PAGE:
Typhoon Megi is the most recent in a string of storms that have battered Taiwan this year. The category 4 storm left more than 2.9 million Taiwanese without power to their homes and businesses, the Associated Press reported. In Taiwan, several deaths and more than 250 injuries have been reported so far. The Focus Taiwan News Channel posted a photo of a steeply leaning utility pole and windblown wreckage against a dark sky.
The Moderate Resolution Imaging Spectroradiometer (MODIS) on NASA’s Aqua satellite acquired this natural-color image at 1:25 p.m. local time (05:25 Universal Time) on September 27, 2016, shortly before Megi made landfall. By 2:00 a.m. on the 28th, the storm had passed the island and was moving toward mainland China with maximum sustained winds of 130 kilometers (80 miles) per hour, according to the Hong Kong Observatory.
The U.S. Navy’s Joint Typhoon Warning Center expected the system to “weaken rapidly over the next 36 hours” while passing over Taiwan; it was predicted to make landfall on the Chinese mainland on September 28. Megi has already brought “serious” levels of air pollution and high temperatures to Hong Kong, likely a result of a “subsidence airstream”—a descending air mass in a high-pressure area.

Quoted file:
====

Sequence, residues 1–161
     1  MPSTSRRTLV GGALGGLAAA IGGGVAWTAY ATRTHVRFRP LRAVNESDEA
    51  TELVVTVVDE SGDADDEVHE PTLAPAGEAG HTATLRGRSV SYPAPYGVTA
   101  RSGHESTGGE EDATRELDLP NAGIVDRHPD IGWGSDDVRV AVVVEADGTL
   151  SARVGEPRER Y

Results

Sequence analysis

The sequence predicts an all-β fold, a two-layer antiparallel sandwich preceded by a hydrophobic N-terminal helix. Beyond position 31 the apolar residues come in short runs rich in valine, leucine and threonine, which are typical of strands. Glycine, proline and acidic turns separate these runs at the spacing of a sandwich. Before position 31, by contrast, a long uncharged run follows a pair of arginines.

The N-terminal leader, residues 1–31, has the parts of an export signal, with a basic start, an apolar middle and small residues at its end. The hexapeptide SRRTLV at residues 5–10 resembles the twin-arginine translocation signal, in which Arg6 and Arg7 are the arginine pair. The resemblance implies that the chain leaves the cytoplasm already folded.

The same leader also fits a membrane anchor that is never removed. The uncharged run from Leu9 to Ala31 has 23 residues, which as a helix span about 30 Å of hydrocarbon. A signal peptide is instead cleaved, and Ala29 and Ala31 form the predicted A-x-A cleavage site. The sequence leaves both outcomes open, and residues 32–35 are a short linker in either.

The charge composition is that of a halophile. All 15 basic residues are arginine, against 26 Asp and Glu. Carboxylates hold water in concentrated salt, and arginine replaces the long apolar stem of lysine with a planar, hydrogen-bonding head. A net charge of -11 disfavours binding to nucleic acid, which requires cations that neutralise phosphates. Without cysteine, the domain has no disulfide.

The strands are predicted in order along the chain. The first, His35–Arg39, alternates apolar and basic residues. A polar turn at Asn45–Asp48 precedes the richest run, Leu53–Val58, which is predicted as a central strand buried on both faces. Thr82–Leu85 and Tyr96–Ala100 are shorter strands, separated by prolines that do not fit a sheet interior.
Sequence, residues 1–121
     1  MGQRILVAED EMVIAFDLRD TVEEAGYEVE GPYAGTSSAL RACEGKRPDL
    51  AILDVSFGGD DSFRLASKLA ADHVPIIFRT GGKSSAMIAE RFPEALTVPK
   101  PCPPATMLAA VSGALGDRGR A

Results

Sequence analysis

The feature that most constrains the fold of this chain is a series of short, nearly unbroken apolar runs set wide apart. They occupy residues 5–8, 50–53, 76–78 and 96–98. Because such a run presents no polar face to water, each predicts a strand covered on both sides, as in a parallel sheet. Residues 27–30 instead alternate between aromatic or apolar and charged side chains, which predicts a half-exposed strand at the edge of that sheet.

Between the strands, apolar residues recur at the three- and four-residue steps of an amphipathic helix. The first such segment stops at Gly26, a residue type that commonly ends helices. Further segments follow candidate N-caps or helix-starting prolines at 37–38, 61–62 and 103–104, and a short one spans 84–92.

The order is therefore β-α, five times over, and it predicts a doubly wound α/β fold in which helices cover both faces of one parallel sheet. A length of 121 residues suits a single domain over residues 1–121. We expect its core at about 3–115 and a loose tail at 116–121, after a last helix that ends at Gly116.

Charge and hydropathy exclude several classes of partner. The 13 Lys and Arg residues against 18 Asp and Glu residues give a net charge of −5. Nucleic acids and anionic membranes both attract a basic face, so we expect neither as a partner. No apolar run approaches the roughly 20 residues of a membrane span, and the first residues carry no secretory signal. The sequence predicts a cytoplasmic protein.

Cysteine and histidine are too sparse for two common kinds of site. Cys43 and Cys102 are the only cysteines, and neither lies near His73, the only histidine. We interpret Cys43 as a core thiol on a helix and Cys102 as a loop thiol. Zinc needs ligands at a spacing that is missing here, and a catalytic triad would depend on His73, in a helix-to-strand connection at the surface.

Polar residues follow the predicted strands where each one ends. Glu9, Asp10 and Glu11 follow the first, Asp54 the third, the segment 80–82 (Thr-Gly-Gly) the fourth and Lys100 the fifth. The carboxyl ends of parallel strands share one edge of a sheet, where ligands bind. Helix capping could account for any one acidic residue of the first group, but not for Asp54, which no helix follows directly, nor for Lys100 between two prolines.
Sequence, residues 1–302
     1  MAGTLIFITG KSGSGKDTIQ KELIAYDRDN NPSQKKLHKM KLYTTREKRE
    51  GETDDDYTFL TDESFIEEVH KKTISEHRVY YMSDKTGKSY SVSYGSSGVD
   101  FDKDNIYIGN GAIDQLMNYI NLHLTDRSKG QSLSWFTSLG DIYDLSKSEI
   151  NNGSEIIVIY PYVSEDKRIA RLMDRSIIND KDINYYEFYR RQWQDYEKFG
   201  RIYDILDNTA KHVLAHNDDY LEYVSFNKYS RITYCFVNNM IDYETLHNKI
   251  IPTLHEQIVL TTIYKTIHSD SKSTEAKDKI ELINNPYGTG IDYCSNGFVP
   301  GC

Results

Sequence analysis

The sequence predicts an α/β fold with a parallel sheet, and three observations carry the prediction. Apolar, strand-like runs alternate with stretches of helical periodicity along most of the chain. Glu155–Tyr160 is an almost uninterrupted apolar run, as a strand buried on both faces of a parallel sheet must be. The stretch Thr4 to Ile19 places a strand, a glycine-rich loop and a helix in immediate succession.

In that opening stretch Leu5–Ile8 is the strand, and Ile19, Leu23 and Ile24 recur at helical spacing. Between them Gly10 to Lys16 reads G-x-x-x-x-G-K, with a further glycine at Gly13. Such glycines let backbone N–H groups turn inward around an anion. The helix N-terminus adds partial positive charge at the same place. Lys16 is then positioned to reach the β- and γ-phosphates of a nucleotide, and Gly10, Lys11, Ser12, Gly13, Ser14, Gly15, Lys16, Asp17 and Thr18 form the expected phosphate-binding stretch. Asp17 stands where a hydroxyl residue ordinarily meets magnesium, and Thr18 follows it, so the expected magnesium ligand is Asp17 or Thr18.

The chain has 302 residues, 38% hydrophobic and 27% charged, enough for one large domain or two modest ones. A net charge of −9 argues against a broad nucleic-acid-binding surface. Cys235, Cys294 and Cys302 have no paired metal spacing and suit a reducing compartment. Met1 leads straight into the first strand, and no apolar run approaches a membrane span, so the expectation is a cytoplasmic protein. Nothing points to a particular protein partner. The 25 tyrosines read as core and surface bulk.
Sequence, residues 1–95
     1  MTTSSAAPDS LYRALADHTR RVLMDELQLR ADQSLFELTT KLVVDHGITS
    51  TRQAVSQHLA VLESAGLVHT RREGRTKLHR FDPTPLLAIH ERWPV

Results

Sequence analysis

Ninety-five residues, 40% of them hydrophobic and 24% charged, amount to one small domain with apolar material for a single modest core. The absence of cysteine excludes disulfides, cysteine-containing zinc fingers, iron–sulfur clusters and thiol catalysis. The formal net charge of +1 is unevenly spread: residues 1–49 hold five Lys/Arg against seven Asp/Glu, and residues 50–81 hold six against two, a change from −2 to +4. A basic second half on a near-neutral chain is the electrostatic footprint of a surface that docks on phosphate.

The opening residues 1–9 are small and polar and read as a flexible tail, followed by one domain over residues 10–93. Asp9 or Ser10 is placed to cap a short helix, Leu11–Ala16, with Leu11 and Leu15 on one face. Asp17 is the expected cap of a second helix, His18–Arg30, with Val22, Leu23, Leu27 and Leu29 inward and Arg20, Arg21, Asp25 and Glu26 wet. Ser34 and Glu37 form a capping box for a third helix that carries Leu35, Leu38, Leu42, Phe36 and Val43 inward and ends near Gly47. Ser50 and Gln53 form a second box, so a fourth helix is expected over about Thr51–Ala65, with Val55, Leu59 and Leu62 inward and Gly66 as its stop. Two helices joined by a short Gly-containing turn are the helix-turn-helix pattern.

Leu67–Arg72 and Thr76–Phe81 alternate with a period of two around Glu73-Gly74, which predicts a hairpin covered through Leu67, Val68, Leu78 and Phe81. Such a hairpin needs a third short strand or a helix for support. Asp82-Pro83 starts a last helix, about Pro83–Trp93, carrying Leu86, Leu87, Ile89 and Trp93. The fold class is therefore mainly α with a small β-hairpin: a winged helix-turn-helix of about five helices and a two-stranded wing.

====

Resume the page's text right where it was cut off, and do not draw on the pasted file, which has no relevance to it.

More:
The past few months have been particularly active for storms near Taiwan. Three to four typhoons typically approach the island each year, according to the country’s National Weather Bureau. The eyes of Megi and Nepartak made direct landfall this year, while Malakas and Meranti passed close by and brought heavy rain and wind damage.
The map above shows the storms that passed over or near Taiwan in deep red, with lighter red lines denoting 2016 storms in the region. The tangle of light blue lines in the background shows the tracks of historical storms in the western Pacific Ocean.
NASA image (top) by Jeff Schmaltz, LANCE/EOSDIS Rapid Response. NASA Earth Observatory map (bottom) by Joshua Stevens, using storm track data from NOAA and Unisys Weather Caption by Pola Lem.